Chinese aggression, pandemic likely to delay sea code – analysts

Sofia Tomacruz

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Chinese aggression, pandemic likely to delay sea code – analysts
Still, experts agree that pursuing the code of conduct is a worthwhile investment to show that Southeast Asian nations and China can cooperate to solve disputes

MANILA, Philippines – The coronavirus crisis, compounded by China’s continued aggression in the South China Sea, is seen to further hamper talks on a code of conduct (COC) proposed to ensure stability in the volatile waterway, maritime experts said on Friday, May 15.  

The Association of Southeast Asian Nations (ASEAN) and China earlier said they wanted to finalize the South China Sea code of conduct by 2022 – a target date now “off the rails” due to postponed negotiations and growing concerns over Beijing’s recent aggressive actions taken against Southeast Asian claimant states. 

“Now things look even gloomier given what’s happening in the South China Sea right now. Who would want to go to a negotiation knowing that whatever agreement they will be able to reach in the end is not going to be respected by those on the ground?” said Nguyen Hong Son, director general and head of the Diplomatic Academy of Vietnam’s Institute for the South China Sea. 

China has recently escalated in asserting its claims in the South China Sea by encroaching on claimant states’ exclusive economic zones, harassing fishing and military vessels, and naming districts and maritime features under its jurisdiction. This takes place as countries struggle to contain the coronavirus outbreak that originated from the Chinese city of Wuhan earlier in 2019.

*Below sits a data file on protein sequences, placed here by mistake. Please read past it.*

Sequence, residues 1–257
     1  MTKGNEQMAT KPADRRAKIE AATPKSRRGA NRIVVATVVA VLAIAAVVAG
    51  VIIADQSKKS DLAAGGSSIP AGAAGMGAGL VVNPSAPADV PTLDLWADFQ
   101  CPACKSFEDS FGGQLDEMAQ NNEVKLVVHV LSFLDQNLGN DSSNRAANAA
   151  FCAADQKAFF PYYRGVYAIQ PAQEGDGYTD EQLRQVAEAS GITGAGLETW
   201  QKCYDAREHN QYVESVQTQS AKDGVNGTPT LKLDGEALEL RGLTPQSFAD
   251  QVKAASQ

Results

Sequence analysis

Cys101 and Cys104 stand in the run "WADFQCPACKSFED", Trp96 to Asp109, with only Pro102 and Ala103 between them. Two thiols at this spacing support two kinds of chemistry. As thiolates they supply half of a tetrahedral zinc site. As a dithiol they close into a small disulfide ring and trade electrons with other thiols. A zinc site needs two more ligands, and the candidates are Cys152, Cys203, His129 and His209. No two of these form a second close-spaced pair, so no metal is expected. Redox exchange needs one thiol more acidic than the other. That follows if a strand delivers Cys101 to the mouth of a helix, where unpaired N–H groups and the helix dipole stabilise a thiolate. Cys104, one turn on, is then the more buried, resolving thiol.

Other obstacles: Maritime law expert Jay Batongbacal of the University of the Philippines’ Institute for Maritime Affairs and Law pointed out that prior to the pandemic, ASEAN states were yet to touch on more contentious aspects of the sea code.  

ASEAN leaders and China agreed to start talks on the COC in November 2017. Delays, however, have hampered the completion of the code nearly two decades since they agreed to set it up.

Increased assertiveness from China, Batongbacal noted, may only complicate negotiations and push talks to start on a deadlock.

“If that kind of negative trend in assertions continues, then by the time this is over and diplomatic activities resume, we could see all these building up into a kind of backlash when things resume,” Batongbacal said. 

Nguyen added, “To salvage the COC negotiation process, China indeed needs to look at its behavior, its activities in the South China Sea, and show its willingness, its political will to create a conducive environment for ASEAN states to be convinced that the COC is still a viable investment that ASEAN needs.”

Aside from this, Batongbacal said conflicting interests among ASEAN states also caused delays in negotiations, as seen in previous discussions over the long-delayed sea code. Southeast Asian states would do well to use the lull in negotiations to find common ground with each other on a bilateral basis before resuming regional talks, he added.  

Still valuable: Despite this, experts agreed pursuing talks on the COC is still valuable in showing ASEAN countries and China could solve issues multilaterally. 

“I think diplomatic success and political effort in the COC should continue its negotiations,” said Sumathy Permal of the Maritime Institute of Malaysia, adding ASEAN should stay together and “come up with one voice.”

Nguyen said finishing the code is also worth a shot to “give the voices that support multilateralism…within China [a chance] to convince itself that it’s still something worthwhile doing.”

Nguyen added doing so can signal that such negotiations and means of dealing with disputes should be paid attention to and that military approaches are “not…all that matter.” 

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Sofia Tomacruz

Sofia Tomacruz covers defense and foreign affairs. Follow her on Twitter via @sofiatomacruz.